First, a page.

Seneca doesn’t believe that our time is limited, but instead that we only use our time to a fraction of its full potential. As he says, ““It is not that we have so little time but that we lose so much. … The life we receive is not short but we make it so; we are not ill provided but use what we have wastefully.” Part of this wastefulness, Seneca argues, is due to a failure to recognize our own mortality and the fleeting nature of life. By being more aware of the certainty of death, we can more fully live.
While many arguments in this book are deeply impactful, others are a bit silly. Seneca reiterates a main Stoic theme of living in accordance with nature and focusing on needs rather than vices. Continuing to argue for the actions of a life well lived, Seneca states that the practice of philosophy is paramount to “the good life”. Personally, I’m not so sure about that. Considering Seneca’s position as a philosopher living under the murderous Emperor Nero that would later force Seneca to commit suicide, it makes sense why he would promote philosophy as the path to the best lived life.
Overall, On the Shortness of Life is a compelling short read that is sure to spark some manner of introspection. Everyone is equally guilty of letting life pass them by, and everyone is equally capable of taking steps to correct that error. Though not as powerful as the Enchiridion, On the Shortness of Life is well worth a few hours’ investment to better understand what a few hours is truly worth.
They lose the day in expectation of the night, and the night in fear of the dawn.
The Art of Saying No
by Damon Zahariades
What a happy accident that I found this book in such close proximity to On the Shortness of Life.
I don’t really mind saying no. I try to help out as much as possible when I can, but I’m usually pretty good at balancing my priorities. The Art of Saying No seems to focus on people pleasers, helping them to realize that it isn’t their job to help out all the time, and they have no reason to feel bad for denying someone’s request. Though I don’t really fit the target audience for this book, it did offer up an interesting perspective on the effect saying no has on us.
Saying no sucks. It hurts the person requesting, and it hurts the person requested. Understanding how this feeling impacts our decision making can help us make more impartial decisions on when to say yes and when to say no. Furthermore, our relationships are impacted by how we respond to requests for help.
The Art of Saying No is probably a fantastic book for… people that struggle to say no. If you don’t have such a problem, it’s still worth a read to gain a better understanding of the forces at play when we say no and how our responses are perceived. How the impact of saying no is perceived given delivery and timing is also interestingly described. For example, though the denier stalls due to feelings of guilt, they are just hurting the requestor more by not being upfront about their inability to help. That wasted time could’ve been spent finding someone else or doing it themselves- generally, the sooner the response is given the better for everyone involved. Though my behavior did not change much from reading this book, my response time to requests became much shorter.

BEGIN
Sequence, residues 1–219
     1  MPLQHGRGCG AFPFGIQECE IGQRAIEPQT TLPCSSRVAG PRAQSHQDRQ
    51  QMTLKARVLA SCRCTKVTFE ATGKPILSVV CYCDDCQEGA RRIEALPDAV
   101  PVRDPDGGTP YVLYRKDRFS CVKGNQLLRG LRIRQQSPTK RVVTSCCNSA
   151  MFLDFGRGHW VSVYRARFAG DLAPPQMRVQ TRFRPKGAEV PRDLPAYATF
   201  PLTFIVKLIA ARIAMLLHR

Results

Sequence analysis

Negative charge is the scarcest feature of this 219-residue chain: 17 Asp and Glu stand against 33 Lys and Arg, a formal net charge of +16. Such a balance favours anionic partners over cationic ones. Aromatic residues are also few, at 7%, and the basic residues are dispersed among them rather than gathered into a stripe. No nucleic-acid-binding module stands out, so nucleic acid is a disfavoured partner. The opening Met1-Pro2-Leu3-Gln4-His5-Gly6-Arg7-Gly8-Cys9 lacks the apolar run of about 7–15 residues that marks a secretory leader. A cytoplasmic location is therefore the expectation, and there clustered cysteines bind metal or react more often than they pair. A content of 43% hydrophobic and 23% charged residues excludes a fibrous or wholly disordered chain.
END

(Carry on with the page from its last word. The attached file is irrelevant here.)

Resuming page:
I think the whole topic can be summed up succinctly; if you can, say yes, if you can’t, say no. Don’t complicate the matter, don’t make excuses, don’t apologize. Did I need a book to teach me this? Perhaps not, but it sure did drive the point home.
We have a limited number of hours to play with each day. That means every time we say yes to someone, we’re saying no to someone or something else.
The Coddling of the American Mind
by G. Lukianoff and J. Haidt
It takes a tremendous amount of tact to pull off this ambitious of a book without serious blowback. Lukianoff and Haidt pull no punches in this incisive exploration of the American education system. Leaving little room for rebuttal, they back up their arguments with ample research and succeed in painting a picture of just what went wrong in American higher education and upper class family life. Most important of all, they provide a framework for how we can get back on track.
The book begins with a fictional hiking trip to Greece where the authors meet the Oracle of Koalemos. This fictional holy man teaches them the three truths- “what doesn’t kill you makes you weaker”, “always trust your feelings”, and “life is a battle between good people and evil people”. If you’re thinking, “wow, that doesn’t sound remotely correct”, congratulations, you’re right. The authors proceed in explaining these “Three Great Untruths”, tackling the pervasiveness of each throughout our homes, school systems, and universities. Despite the seriousness and at times overtly depressing nature of the subject matter, the authors inject humor throughout, making it feel like a less sobering read.
Perhaps the most cogent argument for abandoning these Great Untruths is the effect they have on the believer. Though the ideas were taught to students in an effort to protect them, they often have the opposite effect- each belief correlates with higher rates of depression and anxiety. Fixing these false perceptions isn’t just needed for societal good- it’s a human rights issue that threatens our children.